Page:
Please tell us a little about your background in education. Why did you decide to become involved in education? What are some of the roles you’ve had and what does your current role involve?
I graduated in 2015 with a Master of Teaching (Primary) from the Western Sydney University. Education was not a profession I had aspired to work in. I dreamt of working in the fields of journalism, acting and youth work. I was one of those students who could not sit still, and I guess after certain events in life, I realised that the one thing that made me happy was being selfless and empowering young people. As a fourth year teacher, I am able to build confidence in young people and guide them towards finding their passions, and achieve their dreams if they work hard. No matter what adversities they may face. This year I have maintained my teaching role as the Stage 3 Years 5 and 6 teacher at Lansvale East Public School. Some of the roles I’ve been fortunate enough to be involved in the past include: Being selected to work on an action research project with the Primary English Teaching Association of Australia (PETAA) on dialogic pedagogies, working with the community of schools (CoS) in the Fairfield Network on transitioning primary school students into secondary mathematics, and working with Stage 3 teachers in neighbouring schools on enhancing reading programs. I am currently working on a project to enhance my teaching of vocabulary for EAL/D students with Paul Dufficy. In addition, this year I am fortunate enough to be mentored by Dr Brad Russell (Director of the Albury Network) to lead a project on dialogic pedagogies within both my school and the wider community.
Who or what keeps you inspired and motivated in your work?
Quite simply, my students and the outstanding teachers and individuals I meet in life and on social media.
What do you see as some of the biggest rewards and challenges for people working in education today?
Let’s speak about the rewards first! In my opinion, the greatest reward in education is when students reach that “Aha” moment. Whether it is from a question they had once found challenging, or simply realising that they have just reached a goal after working hard on it for some time. And I personally love it when my students thank me for being a part of this journey, it gives me goosebumps every time. Like every career, there are always challenges. A few of mine are time, resources, balancing the paperwork, and personal downtime. The truth is that I am still working these out. However, if you truly have the passion for what you do, you always remember the purpose for why you work so hard during the tough times.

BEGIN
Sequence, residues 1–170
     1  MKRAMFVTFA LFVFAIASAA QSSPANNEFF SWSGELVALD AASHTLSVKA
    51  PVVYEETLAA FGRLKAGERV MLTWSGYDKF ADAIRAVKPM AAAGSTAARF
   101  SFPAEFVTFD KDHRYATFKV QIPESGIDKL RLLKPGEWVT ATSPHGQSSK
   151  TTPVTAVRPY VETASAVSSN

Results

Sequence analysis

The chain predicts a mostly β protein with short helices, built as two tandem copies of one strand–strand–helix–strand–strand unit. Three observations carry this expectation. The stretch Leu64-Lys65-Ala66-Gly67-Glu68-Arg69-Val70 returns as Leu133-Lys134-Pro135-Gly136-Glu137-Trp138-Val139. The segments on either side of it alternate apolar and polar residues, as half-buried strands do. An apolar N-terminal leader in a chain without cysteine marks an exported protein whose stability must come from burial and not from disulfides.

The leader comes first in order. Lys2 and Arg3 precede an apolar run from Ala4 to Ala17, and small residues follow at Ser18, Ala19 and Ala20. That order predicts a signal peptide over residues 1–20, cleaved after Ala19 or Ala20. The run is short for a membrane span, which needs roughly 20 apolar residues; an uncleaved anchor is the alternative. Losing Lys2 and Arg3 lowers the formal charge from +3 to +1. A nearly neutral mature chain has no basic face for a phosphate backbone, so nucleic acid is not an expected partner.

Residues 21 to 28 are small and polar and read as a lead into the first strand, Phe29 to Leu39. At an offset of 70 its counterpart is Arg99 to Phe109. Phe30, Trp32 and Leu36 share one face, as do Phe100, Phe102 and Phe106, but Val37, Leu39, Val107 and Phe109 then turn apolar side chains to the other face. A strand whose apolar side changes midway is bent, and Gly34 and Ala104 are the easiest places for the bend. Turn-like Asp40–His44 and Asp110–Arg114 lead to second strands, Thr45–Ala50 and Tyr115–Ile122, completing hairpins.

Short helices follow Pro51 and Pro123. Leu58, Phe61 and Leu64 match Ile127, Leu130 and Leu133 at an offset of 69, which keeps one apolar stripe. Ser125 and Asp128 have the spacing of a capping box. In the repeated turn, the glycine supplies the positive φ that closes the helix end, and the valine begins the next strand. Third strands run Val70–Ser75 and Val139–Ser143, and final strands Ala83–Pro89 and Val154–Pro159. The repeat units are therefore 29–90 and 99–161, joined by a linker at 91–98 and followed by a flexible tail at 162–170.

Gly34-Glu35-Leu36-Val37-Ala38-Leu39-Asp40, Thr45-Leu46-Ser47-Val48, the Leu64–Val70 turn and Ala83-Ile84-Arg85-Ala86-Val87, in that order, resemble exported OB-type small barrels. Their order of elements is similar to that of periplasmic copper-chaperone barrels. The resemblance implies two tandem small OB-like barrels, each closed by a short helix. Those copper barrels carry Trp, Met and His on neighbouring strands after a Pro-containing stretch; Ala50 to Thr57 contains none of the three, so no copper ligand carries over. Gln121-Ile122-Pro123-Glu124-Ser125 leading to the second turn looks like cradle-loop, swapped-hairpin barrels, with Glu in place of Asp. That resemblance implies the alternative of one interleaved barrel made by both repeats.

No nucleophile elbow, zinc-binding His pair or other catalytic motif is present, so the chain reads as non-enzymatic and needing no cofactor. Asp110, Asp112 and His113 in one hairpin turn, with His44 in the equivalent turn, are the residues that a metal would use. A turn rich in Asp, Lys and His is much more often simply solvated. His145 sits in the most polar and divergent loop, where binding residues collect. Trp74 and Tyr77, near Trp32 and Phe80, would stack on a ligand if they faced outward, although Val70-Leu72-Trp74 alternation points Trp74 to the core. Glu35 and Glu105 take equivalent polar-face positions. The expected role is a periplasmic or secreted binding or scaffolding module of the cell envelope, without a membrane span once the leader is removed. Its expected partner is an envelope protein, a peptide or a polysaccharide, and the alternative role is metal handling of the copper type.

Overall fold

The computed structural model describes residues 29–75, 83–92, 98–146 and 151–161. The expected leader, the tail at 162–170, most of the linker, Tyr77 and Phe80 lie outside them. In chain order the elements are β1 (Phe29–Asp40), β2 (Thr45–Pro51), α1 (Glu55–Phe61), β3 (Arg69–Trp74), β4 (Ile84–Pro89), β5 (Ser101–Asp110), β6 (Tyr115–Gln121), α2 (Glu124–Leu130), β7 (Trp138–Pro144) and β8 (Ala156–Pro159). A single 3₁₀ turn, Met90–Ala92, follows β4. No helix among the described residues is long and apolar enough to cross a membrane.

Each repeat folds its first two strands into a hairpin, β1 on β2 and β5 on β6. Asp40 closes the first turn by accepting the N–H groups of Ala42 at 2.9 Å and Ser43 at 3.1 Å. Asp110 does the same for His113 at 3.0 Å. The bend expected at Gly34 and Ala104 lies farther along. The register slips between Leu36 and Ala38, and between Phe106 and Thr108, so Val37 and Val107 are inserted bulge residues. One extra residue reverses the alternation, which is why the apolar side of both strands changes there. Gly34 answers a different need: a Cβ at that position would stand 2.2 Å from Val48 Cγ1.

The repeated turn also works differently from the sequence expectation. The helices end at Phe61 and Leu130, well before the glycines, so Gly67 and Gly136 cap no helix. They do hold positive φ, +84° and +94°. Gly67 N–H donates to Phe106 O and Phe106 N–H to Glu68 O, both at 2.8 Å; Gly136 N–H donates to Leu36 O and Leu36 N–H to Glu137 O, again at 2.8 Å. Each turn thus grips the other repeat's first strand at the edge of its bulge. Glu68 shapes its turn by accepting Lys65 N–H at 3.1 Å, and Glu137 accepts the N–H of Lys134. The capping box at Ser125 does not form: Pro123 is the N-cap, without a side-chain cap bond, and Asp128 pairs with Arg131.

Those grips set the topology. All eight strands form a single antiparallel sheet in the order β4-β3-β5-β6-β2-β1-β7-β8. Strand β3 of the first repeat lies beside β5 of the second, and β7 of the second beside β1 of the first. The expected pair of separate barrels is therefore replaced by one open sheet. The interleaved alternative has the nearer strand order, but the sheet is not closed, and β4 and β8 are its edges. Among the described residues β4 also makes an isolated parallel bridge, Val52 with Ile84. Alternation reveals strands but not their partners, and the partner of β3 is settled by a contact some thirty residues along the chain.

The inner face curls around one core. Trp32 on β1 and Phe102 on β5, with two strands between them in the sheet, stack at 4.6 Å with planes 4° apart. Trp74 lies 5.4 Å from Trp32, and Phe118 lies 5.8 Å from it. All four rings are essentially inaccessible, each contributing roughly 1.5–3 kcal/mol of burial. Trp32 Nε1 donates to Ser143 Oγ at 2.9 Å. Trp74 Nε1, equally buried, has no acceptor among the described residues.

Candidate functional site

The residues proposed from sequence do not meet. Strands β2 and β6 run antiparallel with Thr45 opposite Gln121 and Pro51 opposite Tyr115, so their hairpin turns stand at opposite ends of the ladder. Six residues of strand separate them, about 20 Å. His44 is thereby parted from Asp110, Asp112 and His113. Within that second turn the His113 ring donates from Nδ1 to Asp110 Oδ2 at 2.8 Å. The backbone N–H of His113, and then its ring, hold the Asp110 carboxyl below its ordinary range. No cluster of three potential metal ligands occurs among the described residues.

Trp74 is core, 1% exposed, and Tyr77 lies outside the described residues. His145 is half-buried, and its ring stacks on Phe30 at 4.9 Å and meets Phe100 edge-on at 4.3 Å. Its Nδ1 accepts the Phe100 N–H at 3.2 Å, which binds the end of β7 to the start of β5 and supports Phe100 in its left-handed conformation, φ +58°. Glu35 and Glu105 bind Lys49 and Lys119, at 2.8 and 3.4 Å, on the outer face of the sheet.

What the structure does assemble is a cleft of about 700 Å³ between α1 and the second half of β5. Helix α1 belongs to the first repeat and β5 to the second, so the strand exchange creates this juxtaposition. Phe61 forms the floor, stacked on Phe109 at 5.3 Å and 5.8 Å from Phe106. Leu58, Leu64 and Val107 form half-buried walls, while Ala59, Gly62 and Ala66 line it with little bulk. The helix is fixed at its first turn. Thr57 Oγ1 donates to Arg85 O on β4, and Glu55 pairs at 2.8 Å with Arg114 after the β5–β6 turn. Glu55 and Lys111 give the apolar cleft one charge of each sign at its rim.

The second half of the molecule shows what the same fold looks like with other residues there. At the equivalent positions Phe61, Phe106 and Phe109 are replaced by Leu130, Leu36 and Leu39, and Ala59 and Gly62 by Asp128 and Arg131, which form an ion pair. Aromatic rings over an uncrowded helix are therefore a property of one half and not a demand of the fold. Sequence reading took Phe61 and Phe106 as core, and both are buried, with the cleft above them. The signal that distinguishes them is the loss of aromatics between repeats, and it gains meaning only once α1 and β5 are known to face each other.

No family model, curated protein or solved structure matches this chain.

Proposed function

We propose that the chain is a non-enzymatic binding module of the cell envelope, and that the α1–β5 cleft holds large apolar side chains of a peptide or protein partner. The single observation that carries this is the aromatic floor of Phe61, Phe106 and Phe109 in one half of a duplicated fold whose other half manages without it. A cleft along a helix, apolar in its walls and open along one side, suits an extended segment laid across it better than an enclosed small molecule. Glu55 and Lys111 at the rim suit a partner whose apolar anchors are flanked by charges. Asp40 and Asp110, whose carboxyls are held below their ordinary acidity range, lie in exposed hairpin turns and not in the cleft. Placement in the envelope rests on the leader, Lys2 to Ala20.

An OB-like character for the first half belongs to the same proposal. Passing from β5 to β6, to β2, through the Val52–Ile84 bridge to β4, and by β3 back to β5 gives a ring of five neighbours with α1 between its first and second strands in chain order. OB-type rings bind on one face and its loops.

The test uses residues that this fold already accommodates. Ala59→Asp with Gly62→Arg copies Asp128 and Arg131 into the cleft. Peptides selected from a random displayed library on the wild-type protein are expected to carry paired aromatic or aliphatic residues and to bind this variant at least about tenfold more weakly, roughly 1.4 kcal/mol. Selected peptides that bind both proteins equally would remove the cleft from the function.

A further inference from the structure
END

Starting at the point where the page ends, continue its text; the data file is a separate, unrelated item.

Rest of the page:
If you had the ability to make changes to the education system in Australia, what would you do?
I love the idea of how high school teachers operate. Faculties that have expert subject specific teachers teaching young people. This should be done from Year 3. I really think we might achieve better outcomes for our students if we follow this model. However, I do not like the idea of different faculties not communicating with one another. I’m not sure how this would work, but it’s just an idea to think about!
What role do you see EduTweetOz playing on the education scene in Australia and what are your hopes for the account this week?
EduTweetOz is a powerful platform that connects Australian educators with one another. It is crucial we reflect upon our practices and talk to one another about what works best. The most dangerous obstacle to hinder our progress against the world is to remain trapped in our own little bubbles. This account is just one of the tools that will help us all grow as education professionals. By hosting this account, I hope to gain a deeper insight into the practices of other Aussie teachers, and perhaps have them reflect with me on our own pedagogies across the country.